Emacs hangout notes

Prompted by Michael Fogleman’s tweet that he’d like to see a bunch of us Emacs geeks get together in one room for a hackathon, Nic Ferrier and I tried out a casual Emacs hangout. Tinychat didn’t work, but Google Hangouts worked fine. A bunch of people saw our tweets about it too and dropped by, yay! Here are some things we talked about (mostly nifty tweaks from Nic):

  • shadchen is great for pattern matching, especially within trees
  • Alec wanted to know about Emacs and Git, so Nic demonstrated basic Magit
  • after-init-hook – load things there instead of in your ~/.emacs.d/init.el, so that your init.el does not break and you can test things easily from within Emacs
  • I shared isearch-describe-bindings, which had a number of goodies that I hadn’t known about before
  • Recognizing the opportunity to share what you’re working on (ex: nicferrier’s working on an Emacs Lisp to Javascript compiler)

Google Hangouts screensharing worked well for us, giving multiple people the opportunity to share their screen and allowing people to choose what they wanted to focus on. Nic also started up a tmux session and a repository of public keys, but that’s a bit more involved and requires more trust/coordination, so screen-sharing will likely be the way to go unless people have more of a pairing thing set up. This kind of informal hangout might be a good way for people to share what they’re working on just in case other people want to drop by and help out or ask questions (which people can optionally answer, or postpone if they want to stay focused on their work). Something a little more focused than this might be to pick one bug or task and work on it together, maybe starting with a “ridealong” (one person screenshares, thinking out loud as he or she works, and taking the occasional question) and moving towards full pairing (people working on things together). Some of my short-term Emacs goals are:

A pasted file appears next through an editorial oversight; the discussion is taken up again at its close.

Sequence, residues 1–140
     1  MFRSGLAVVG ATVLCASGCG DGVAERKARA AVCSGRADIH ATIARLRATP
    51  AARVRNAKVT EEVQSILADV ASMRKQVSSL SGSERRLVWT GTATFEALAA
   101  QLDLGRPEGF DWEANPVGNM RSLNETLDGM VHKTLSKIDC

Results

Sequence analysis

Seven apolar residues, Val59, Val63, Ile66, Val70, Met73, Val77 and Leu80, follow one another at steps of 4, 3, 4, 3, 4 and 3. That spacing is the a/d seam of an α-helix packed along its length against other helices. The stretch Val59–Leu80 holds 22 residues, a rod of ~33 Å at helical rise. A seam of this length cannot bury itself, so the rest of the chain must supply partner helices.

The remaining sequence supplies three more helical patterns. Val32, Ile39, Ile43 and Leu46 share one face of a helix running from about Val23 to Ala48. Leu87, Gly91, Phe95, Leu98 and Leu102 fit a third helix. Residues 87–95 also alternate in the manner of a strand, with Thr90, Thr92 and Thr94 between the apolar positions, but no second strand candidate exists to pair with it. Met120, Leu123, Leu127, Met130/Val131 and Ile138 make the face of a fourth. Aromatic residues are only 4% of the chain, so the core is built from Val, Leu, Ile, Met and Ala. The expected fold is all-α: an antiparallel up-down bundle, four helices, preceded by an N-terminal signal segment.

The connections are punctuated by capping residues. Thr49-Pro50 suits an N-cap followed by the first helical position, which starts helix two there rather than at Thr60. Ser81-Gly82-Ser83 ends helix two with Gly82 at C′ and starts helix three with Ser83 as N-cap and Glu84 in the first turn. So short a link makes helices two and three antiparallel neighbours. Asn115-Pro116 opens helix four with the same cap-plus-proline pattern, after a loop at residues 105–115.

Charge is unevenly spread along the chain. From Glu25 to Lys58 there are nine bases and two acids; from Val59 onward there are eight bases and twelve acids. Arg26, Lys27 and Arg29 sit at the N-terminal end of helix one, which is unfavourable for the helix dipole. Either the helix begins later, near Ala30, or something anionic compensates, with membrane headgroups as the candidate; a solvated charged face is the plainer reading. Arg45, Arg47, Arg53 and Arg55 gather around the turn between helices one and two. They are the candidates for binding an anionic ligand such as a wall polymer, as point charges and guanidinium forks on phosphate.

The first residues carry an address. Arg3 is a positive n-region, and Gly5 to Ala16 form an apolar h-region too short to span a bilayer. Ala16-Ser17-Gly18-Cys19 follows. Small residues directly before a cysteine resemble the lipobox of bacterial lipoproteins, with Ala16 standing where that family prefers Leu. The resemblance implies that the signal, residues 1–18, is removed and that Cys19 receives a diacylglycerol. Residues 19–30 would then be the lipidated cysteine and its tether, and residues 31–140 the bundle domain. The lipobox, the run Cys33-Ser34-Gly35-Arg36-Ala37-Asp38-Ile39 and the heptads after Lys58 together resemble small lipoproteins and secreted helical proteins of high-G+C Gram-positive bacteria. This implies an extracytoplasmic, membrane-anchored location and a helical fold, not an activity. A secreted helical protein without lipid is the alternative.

• Improve my web development workflow and environment (including getting the hang of Magit, Smart Parens, Skewer, AutoComplete / Company Mode, and other good things)
  • Learn how to write proper tests for Emacs-related things
  • Get back into contributing to the Emacs community, perhaps starting to work on code/tests
  • Look up my Org agenda on my phone, probably with Org Mobile or some kind of batch process

Let’s give this a try. =) I set up a public calendar and added an event on Nov 5, 9-11PM Toronto time. If folks want to drop by, we’ll see how that works out!

  • punchagan

    Also, Nic’s gpg-ed custom.el is an interesting idea, that I’m considering copying!

    • Nic Ferrier

      It was hell to make work with gpg-agent. Here’s a short list of todos before I blog it:

      * install gpg-agent
      * install gnupg2 (not default on ubuntu)
      * run gpg-agent from ,xsession like this:

      gpg-agent –daemon –enable-ssh-support –write-env-file “${HOME}/.gpg-agent-info”

      * in init.el you need this: https://gist.github.com/nicferrier/49f34d6936814a457331
      * at the top of your custom-file you need to have an epa comment, mine is: